Gundula Janowitz

Gundula Janowitz (born August 2, 1937)[1] is a German-born Austrian lyric soprano singer of operas, oratorios, lieder, and concerts. She is one of the most renowned opera singers of the 20th century and was pre-eminent in the 1960s and 1970s.


Janowitz was born in Berlin, but grew up in Graz, Austria, where she became a naturalised Austrian.[2] She studied at the Graz Conservatory in Austria,[3] and had already begun to sing at the highest level by the end of the 1950s (Haydn's The Creation, with Herbert von Karajan in 1960). In 1959, Karajan engaged her as Barbarina in Mozart's The Marriage of Figaro at the Vienna State Opera, of which she became a permanent member in 1962.

During the 1960s and 1970s, Janowitz became one of the most popular singers in her field internationally and she developed a comprehensive discography of works ranging from Bach to Richard Strauss. Those eminent conductors with whom she performed included Karajan, but also Otto Klemperer, Eugen Jochum, Leonard Bernstein, Rafael Kubelík, Karl Böhm, Georg Solti, and Carlos Kleiber.

One of the emphases of Janowitz's work was the development of song recitals, which she gave several times at the Salzburg Festivals. Following her vocal career, she was active as a vocal teacher. In 1990, she temporarily took over the position of Opera Director in Graz.[3]

In 1978, Janowitz was awarded the Joseph Marx Music Prize of the state of Styria, Austria, named for the composer Joseph Marx.[4] Most unusually, she was given the title Kammersängerin twice: first in 1969 in Vienna, and again in 1974 in Berlin.[5]

Janowitz appeared on many of the great stages of the world, including Glyndebourne Festival Opera, the Bayreuther Festspiele, the Salzburg Easter Festivals, the Metropolitan Opera, the Paris Opéra, the Teatro alla Scala and the Royal Opera House. In 1980, she sang the part of the Countess in a now legendary new production of Le nozze di Figaro (with Georg Solti as conductor, Giorgio Strehler as director and Ezio Frigerio as set designer). Her recording of Schubert's Lieder for female voice has been twice awarded Germany's Deutscher Schallplattenpreis.[6]

Janowitz's farewell to the operatic stage was on May 18, 1990, at the Vienna State Opera in the title role of Ariadne auf Naxos (with Heinrich Hollreiser as conductor, and Filippo Sanjust as director and designer). She kept singing Lieder recitals until 1997, when she completely retired from performing. As well as being an honorary member of the Vienna State Opera and of the Academy of Music in Graz, she was appointed an honorary member of the Royal Academy of Music in London in 2000.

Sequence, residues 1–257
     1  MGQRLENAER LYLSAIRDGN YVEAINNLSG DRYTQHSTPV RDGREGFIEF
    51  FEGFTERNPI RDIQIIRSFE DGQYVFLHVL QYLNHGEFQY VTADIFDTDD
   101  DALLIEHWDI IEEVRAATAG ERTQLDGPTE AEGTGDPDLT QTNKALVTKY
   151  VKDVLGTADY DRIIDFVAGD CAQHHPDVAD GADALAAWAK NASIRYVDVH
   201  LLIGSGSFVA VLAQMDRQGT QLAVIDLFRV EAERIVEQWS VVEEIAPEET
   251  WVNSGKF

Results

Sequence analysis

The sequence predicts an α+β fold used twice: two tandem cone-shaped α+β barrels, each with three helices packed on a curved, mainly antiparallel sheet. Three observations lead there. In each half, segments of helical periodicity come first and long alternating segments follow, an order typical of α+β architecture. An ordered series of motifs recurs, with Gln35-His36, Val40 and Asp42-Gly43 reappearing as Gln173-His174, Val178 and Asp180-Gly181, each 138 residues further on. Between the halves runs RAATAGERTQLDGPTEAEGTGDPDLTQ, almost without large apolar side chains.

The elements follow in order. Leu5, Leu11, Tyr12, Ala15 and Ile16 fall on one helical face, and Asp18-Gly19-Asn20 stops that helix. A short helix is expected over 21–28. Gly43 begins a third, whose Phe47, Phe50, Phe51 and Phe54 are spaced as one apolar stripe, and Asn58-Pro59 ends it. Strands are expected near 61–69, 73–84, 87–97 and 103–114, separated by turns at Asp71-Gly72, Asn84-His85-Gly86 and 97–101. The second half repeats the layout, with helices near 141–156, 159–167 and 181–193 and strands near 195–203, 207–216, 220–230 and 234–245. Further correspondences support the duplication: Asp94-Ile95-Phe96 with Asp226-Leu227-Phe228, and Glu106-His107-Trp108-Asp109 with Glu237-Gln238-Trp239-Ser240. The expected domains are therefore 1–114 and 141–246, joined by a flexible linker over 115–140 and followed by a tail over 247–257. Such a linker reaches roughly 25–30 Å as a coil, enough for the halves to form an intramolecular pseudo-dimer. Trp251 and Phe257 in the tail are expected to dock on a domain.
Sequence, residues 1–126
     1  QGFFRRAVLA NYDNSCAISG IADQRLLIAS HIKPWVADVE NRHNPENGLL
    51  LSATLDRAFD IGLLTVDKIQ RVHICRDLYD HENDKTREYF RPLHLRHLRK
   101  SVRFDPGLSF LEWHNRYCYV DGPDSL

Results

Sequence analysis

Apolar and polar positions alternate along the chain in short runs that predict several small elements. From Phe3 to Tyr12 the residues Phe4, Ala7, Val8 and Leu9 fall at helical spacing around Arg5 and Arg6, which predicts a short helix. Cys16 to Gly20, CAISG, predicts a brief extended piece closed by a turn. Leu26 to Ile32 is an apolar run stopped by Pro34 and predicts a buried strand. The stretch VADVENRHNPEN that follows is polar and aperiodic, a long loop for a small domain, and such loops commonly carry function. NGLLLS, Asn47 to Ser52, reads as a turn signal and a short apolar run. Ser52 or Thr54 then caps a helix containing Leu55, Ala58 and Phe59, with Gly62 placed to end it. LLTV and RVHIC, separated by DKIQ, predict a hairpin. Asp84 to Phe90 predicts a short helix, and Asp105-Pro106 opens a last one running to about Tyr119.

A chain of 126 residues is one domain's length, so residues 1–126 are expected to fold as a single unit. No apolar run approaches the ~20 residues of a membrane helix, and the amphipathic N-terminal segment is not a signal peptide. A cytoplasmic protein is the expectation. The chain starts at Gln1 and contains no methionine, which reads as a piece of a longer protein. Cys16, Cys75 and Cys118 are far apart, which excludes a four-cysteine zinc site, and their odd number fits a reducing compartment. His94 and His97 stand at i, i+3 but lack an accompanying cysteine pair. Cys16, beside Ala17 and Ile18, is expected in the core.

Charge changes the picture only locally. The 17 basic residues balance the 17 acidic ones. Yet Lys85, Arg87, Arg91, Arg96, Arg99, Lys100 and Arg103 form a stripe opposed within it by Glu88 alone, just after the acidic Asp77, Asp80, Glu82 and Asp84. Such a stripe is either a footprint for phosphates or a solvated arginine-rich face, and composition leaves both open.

Voice and repertory

Janowitz's voice is recognizable by its pure,[7][8] "crystal clear”,[9] "creamy"[10] tone, and rapid vibrato.[11] Like her predecessor Maria Stader, who had similar timbre to hers, and like her contemporary, Elizabeth Harwood, Janowitz mastered first and foremost the high and middle register and lyrical-emotional expression. Despite her comparatively weak sound projection, she occasionally performed in dramatic roles (Sieglinde, Leonore, Elsa) or comic roles (Marzelline, Rosalinde), but she was most highly regarded as Fiordiligi, Countess Rosina Almaviva, Pamina, Agathe, Arabella, Ariadne, the Angel Gabriel (The Creation), Countess Madeleine, and in sacred music.[1] Of her interpretation of Four Last Songs by Richard Strauss, David Bowie wrote: "Although Eleanor Steber and Lisa della Casa do fine interpretations of this monumental work, Janowitz’s performance [...] has been described, rightly, as transcendental. It aches with love for a life that is quietly fading. I know of no other piece of music, nor any performance, which moves me quite like this."[12] With a few exceptions, she avoided foreign-language roles (although recordings exist of her singing Don Carlos and Verdi's Requiem and all three Mozart/DaPonte operas in Italian). An excerpt of her portrayal of the Figaro Countess in the duettino "Canzonetta sull'aria" with Swiss soprano Edith Mathis features prominently in The Shawshank Redemption (1994).

Selected discography



  • Gundula Janowitz: In Concert (recorded live) (1970, conductor Berislav Klobučar, Video Artists International Inc.)
  • Beethoven Symphony No.9 in D minor, Op.125 "Choral" (1968, conductor/director Herbert von Karajan, Unitel Classica)
  • Bach Mass in B minor BWV 232 (1969, conductor Karl Richter; director Arne Arbom, Unitel Classica)
  • Mozart Requiem K.626 (1971, conductor Karl Böhm; director Hugo Käch, Unitel Classica)
  • Brahms Ein Deutsches Requiem, op.45 (1978, conductor/director Herbert von Karajan, Unitel Classica)


Decorations and awards


  1. "Janowitz, Gundula" by Alan Blyth, Grove Music Online (subscription required)
  2. "Gundula Janowitz 70" by Manuel Brug, Die Welt (August 2, 2007) (in German)
  3. Gundula Janowitz at
  4. Joseph Marx: The Life and Works of the Composer Joseph Marx
  5. "Gundula Janowitz". Archived from the original on December 27, 2014. Retrieved February 19, 2016.
  6. "BBC Cardiff Singer of the World Jury Members".
  7. "Gundula Janowitz (Gala 337)". Norbeck, Peters & Ford. Retrieved September 2, 2015.
  8. "Gundula Janowitz - (The) Golden Voice". by James Jolly, Gramophone (April 1, 2006)
  9. Daily Mail, July 1964, quoted here:
  11. Ferrante, Isidoro (September 2, 2011). "Vibrato rate and extent in soprano voice: A survey on one century of singing" (PDF). The Journal of the Acoustical Society of America. 130 (3): 1686. doi:10.1121/1.3621017.
  12. Bowie, D., "Confessions of a Vinyl Junkie", Vanity Fair, Nov., 2003.
  13. "Reply to a parliamentary question" (pdf) (in German). p. 1250. Retrieved January 21, 2013.
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